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American ShipperShipping

CSX names former CN, CP CEO Harrison to top spot

The appointment of outgoing Canadian Pacific Chief Executive E. Hunter Harrison as CEO of Class I railroad CSX is still contingent on a shareholder vote over $84 million in benefits and equity awards he forfeited by leaving CP six months ahead of schedule.

   Despite a highly public and at times contentious negotiation process with hedge fund Mantle Ridge LP, CSX Corp. has named outgoing Canadian Pacific (CP) President and Chief Executive Officer E. Hunter Harrison its next CEO, according to a statement from the company.
   Harrison succeeds Michael Ward, who will retire immediately as chairman and CEO of the Jacksonville, Fla.-based Class I railroad and remain with the company in a consulting role.
   Also a former president and CEO of Canadian National Railway (CN), Harrison signaled his intent to take over the top spot at CSX back in January, stepping away from his post at CP six months ahead of the previously announced schedule and forfeiting millions in benefits and equity awards in the process.
   He then teamed up with activist investor Paul Hilal, who’s firm bought a 4.9 percent stake in CSX and began negotiating to position the veteran railroad exec as its next CEO. Hilal knows Harrison well from his time at billionaire Bill Ackman’s Pershing Square Capital Management, which won a proxy fight to install Harrison as CEO at CP in 2012 following the firm’s acquisition of a minority stake in the company. Ackman’s college roommate and a former CP board member, Hilal left Pershing Square in January 2016 and started Mantle Ridge in November.
   Talks appeared to be proceeding amicably, but stalled over issues of compensation and company governance. The primary points of contention were the number of board seats CSX would grant the fund and an $84 million payment to Harrison to recoup the lost benefits and equity from CP.
   As part of the agreement to install Harrison as CEO, CSX said it will appoint five new mutually agreed upon directors to its board—Harrison, Hilal, Dennis Reilley, Linda Riefler, and John Zillmer—and three existing board members will step down. In addition, current Presiding Director Edward J. Kelly, III will become chairman of the CSX board and Hilal will become vice chairman.
   A former chairman, president and CEO of Praxair, Inc., Reilley currently serves as non-executive chairman of Marathon Oil Corp. and a board director of Dow Chemical Company, and is a founding member and partner of Trian Advisory Partners. Riefler is a 25-year veteran of Morgan Stanley, where she served on the firm’s executive and management committees, and as chairman and global head of its research division. And Zillmer is the former chief executive of Univar, a Fortune 500 company, and currently serves as a board director for Reynolds American, Inc., Ecolab Inc., Veritiv Corp., Performance Food Group, and Liberty Capital Partners, as well as on the North American advisory board of CVC Capital Partners.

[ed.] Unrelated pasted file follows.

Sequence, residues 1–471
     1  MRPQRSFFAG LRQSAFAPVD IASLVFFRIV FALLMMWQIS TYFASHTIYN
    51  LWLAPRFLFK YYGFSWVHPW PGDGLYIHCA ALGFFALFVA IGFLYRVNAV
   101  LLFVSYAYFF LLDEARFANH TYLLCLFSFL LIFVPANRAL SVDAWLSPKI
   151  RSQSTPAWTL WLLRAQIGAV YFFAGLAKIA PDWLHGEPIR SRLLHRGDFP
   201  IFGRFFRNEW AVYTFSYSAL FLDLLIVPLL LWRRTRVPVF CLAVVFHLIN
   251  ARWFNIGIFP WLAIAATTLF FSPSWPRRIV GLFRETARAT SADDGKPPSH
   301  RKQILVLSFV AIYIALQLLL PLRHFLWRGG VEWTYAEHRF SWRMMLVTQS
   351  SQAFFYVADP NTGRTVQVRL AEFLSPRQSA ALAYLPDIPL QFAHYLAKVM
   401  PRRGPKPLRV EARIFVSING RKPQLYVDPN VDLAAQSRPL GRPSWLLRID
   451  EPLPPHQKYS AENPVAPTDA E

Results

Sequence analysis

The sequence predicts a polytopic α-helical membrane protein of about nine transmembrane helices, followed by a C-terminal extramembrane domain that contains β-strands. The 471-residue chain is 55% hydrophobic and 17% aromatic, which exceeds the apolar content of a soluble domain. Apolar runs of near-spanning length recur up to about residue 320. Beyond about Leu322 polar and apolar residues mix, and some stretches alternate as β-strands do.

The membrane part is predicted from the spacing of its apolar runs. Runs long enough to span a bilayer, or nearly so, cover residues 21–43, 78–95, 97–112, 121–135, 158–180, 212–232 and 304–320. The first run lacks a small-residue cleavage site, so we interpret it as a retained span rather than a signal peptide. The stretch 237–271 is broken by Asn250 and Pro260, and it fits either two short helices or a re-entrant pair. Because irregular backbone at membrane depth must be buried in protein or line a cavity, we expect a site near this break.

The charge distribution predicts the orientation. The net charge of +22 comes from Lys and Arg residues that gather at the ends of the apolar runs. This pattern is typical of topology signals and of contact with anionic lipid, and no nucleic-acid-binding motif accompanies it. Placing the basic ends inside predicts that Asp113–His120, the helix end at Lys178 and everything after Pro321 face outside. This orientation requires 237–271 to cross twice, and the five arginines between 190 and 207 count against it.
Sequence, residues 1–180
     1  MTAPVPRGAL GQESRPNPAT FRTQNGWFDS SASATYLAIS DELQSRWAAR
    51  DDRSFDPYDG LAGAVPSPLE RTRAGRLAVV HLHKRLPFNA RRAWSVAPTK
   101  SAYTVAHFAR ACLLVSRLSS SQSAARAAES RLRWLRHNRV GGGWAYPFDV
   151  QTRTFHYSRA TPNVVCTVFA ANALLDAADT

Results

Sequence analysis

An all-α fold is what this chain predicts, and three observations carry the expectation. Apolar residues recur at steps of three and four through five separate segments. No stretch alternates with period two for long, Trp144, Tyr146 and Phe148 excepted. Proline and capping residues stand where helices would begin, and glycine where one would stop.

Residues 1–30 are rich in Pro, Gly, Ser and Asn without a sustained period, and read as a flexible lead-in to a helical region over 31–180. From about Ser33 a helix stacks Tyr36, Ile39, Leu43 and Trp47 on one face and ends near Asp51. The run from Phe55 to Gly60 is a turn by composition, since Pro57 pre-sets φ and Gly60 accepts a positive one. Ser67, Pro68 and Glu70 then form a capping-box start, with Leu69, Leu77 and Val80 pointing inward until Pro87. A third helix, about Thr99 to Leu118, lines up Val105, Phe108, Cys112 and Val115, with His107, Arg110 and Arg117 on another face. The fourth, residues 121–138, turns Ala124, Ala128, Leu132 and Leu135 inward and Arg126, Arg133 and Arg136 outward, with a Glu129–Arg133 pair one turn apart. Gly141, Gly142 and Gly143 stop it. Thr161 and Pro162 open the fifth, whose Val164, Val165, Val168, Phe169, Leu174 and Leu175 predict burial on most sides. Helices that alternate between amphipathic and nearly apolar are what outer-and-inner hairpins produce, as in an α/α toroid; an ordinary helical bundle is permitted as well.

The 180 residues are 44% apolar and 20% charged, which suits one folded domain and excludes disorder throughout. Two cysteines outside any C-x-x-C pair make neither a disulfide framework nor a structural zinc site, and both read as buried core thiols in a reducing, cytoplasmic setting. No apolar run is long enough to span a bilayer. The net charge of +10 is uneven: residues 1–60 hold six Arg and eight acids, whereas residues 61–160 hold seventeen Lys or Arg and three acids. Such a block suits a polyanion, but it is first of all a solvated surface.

There is, however, still the question of compensating Harrison for the benefits and equity awards he forfeited by leaving CP early.
   CSX contends that Mantle Ridge agreed to reimburse Harrison prior to beginning discussions about installing him as CEO, but the fund has asked that the cost be rolled into Harrison’s greater compensation package. Shareholders will make the ultimate decision with regard to the additional $84 million owed to Harrison, which means the fate of the entire agreement still rests in their hands.
   According to CSX, Harrison has informed the company that his acceptance of the CEO position is conditional on “CSX ultimately providing this replacement protection initially offered by Mantle Ridge upon his departure from CP. Mr. Harrison has indicated that he will resign after the 2017 annual meeting if the reimbursement and tax indemnity are not provided by CSX, and return to Mantle Ridge to protect his reimbursements.”
   As such, the company has cancelled a previously announced special shareholder meeting and will ask shareholders to to vote on the matter at its 2017 Annual Meeting on March 10. CSX said the board of directors will not recommend a vote for or against the proposal, but “does intend to act promptly following the meeting based on the outcome of the vote.”
   Harrison has long been an advocate for consolidation in the North American railroad industry, and analysts have already begun to speculate as to his intentions with CSX. Under Harrison’s guidance, CP in late 2015 and early 2016 engaged in a highly public, albeit unsuccessful, takeover attempt of fourth-largest U.S. railroad Norfolk Southern after previously attempting to merge with CSX in 2014.
   With Harrison’s protege and current Chief Operating Officer Keith Creel taking the reigns at CP, some have posited that a merger between CP and CSX could be in cards should Harrison be installed at CSX. 
   Whether shareholders will vote to approve Harrison’s reimbursement, however, let alone support a potential merger, remains to be seen. And any deal would still be subject to approval from the U.S. Surface Transportation Board and the relevant regulatory authorities in Canada.
   One of only seven remaining Class I freight railroads in North America and the largest operating on the U.S. East Coast, CSX operates a network of roughly 21,000 route miles of track in 23 states, the District of Columbia and the Canadian provinces of Ontario and Quebec.
   The company in January reported net earnings of $1.7 billion on $11.1 billion in revenues for 2016, year-over-year declines of 13 percent and 6 percent, respectively, as volumes fell 5 percent from 2015 levels.

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